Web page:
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Call for action after Delft girl, 7, injured in hit and run as she walked on the pavement

Community leader and grandfather of the injured girl, George Haricombe, said that the accident was devastating for the family. Picture: David Ritchie/African News Agency(ANA)

Community leader and grandfather of the injured girl, George Haricombe, said that the accident was devastating for the family. Picture: David Ritchie/African News Agency(ANA)

Published Jan 18, 2022

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Cape Town - Eleven children injured when a car drove into them while they were walking have parents worried about similar incidents endangering their children who are about to start the new school year.

Provincial Emergency Medical Services (EMS) said they responded to an incident which involved 11 children.

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“The call for assistance came through at 12.47 and the incident occurred at 25 Corntail Street, Electric City, Eerste River. The call was reported to the call taker as a light motor vehicle which drove into minors.

“Four EMS vehicles were dispatched and two males and one female who sustained minor injuries were transported to Eerste River Hospital, two females and one male who sustained minor injuries were transported to Delft CHC and five males who sustained minor injuries as well were transported to Kleinvlei CHC.”

This followed a similar incident in The Hague, Delft, when a 7-year-old girl sustained a serious head injury after being hit by a taxi while walking on the pavement.

Community leader and grandfather of the injured girl, George Haricombe, said that the accident was devastating for the family.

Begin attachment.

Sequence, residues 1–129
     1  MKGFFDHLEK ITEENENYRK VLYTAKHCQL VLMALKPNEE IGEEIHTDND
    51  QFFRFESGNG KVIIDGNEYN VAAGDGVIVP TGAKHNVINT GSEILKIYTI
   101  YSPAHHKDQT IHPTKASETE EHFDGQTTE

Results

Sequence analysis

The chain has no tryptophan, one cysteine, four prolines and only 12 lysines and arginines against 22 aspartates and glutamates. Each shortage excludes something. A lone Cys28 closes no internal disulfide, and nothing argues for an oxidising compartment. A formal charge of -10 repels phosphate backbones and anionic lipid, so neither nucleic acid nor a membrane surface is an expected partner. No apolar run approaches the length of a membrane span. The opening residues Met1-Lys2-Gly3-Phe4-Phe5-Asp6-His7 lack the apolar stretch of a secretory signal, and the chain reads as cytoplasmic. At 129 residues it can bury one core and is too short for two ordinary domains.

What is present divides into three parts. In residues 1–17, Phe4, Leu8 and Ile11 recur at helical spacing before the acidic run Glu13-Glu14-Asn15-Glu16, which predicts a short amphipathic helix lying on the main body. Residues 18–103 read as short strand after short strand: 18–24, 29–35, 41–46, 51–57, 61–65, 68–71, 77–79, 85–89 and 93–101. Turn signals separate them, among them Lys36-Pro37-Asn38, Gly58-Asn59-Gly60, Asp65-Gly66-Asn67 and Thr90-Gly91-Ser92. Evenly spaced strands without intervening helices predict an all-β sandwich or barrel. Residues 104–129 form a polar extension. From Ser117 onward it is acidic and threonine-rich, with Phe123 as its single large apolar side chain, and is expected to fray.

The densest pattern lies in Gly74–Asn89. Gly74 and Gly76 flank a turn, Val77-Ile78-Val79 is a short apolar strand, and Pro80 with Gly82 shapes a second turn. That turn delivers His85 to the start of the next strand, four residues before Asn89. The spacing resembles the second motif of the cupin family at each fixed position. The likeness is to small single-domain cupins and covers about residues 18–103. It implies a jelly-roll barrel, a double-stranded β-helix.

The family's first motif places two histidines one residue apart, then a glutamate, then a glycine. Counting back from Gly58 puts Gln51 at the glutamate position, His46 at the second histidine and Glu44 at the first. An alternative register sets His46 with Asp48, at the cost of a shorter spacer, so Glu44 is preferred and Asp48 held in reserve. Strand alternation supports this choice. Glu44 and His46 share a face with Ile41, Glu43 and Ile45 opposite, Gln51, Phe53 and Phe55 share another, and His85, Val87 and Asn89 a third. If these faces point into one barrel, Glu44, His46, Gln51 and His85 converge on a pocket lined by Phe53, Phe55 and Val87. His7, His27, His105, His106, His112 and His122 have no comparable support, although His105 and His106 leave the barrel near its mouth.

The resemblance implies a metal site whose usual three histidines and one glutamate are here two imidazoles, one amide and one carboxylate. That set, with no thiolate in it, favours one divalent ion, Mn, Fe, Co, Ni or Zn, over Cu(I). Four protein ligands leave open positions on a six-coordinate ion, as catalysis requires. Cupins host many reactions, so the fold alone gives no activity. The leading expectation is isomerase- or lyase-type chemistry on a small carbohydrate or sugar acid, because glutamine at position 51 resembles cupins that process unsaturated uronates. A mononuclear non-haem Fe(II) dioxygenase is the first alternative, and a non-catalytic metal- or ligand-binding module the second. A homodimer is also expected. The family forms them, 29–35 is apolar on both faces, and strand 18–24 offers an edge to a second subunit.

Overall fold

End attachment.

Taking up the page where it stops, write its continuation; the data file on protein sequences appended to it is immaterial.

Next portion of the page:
He also complained that the police had been slow in attending to the case.

“My granddaughter was innocent; something like this should never have happened to her nor should it happen to anyone else. She was walking on the sidewalk when the taxi, impatient to wait for its turn, drove on to the pavement knocking her over. The worst part is that driver left her there not even bothering to try to assist,” he said.

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“Accidents such as these have become so frequent in our community. You never know when someone will be hit by a vehicle and left to die. The lack of community development has bred this problem.

“People are not united or empowered. There are no community safety initiatives directed at ending these incidents.

“I wonder then what will happen to the children here who are being knocked over one by one. In a few weeks or days, we might hear that yet another young person was involved in a hit and run, especially now that children are set to go back to school this week,” Haricombe said.

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Delft councillor Michelle Adonis said that she was working on instituting programmes to create safer roads for residents especially vulnerable people and children.

She said: “I am currently in talks with the Traffic Department to see if we can urgently initiate traffic calming interventions. I understand that road safety is important, and as soon as I get the go-ahead I will set up meetings, assessments of the roads in this area so that we can properly plan to eradicate these issues.

“As a councillor, unfortunately, I cannot put plans into motion without following due process. I also need to meet up with the department to discuss a budget for the road safety initiatives for this community because it’s not just one thing, there are also the education and awareness campaigns parts that need to be structured and rolled out. I am working on it,” said Adonis.

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Less than three months ago, an 11-year-old schoolboy was knocked over and killed by a taxi in a hit and run accident also in Delft.

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Cape Argus

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